the slope of a linear relationship is calculated and includes appropriate units;

d)

interpolated, extrapolated, and analyzed trends are used to make predictions; and

e)

analysis of systems employs

vector quantities utilizing trigonometric and graphical methods.

PH.3

The student will investigate and understand how to demonstrate scientific reasoning and logic. Key
concepts include

a)

analysis of scientific sources to develop and refine research hypothe
ses;

b)

analysis of how science explains and predicts relationships;

c)

evaluation of evidence for scientific theories;

d)

examination of how new discoveries result in modification of existing theories or establishment of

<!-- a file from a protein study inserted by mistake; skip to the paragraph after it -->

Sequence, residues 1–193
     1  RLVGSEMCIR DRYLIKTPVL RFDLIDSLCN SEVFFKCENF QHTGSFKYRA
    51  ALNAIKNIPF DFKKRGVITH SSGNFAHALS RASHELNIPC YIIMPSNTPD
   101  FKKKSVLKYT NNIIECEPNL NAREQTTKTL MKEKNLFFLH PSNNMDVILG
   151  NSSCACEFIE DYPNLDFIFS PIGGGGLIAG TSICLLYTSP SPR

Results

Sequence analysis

new paradigms; and

e)

construction and defense

of a scientific viewpoint (the nature of science).


PH.4

The student will investigate and understand how applications of physics affect the world. Key concepts
include

a)

examples from the real world; and


PH.5

The student will investigate and understand the

interrelationships among mass, distance, force, and time
through mathematical and experimental processes. Key concepts include

a)


linear motion;

PH.14

The student will investigate and understand that extremely large and extremely small quantities are not
necessarily described by the same laws as those studied in Newtonian physics. Key concepts include

e)


relativity;

1

D
imensional Motion


Displacement

( please note the text book uses an “x” for displacement, I will use a “d”)

-


Displaceme
nt is the net distance
travelled along with the direction, calculated
by subtracting the final position from the initial.



d=x
f
-
x
i

-

Because it has both magnitude and direction it is called a vector.

-


Often this is the same as the distance traveled
, but it does not have to be.

-


E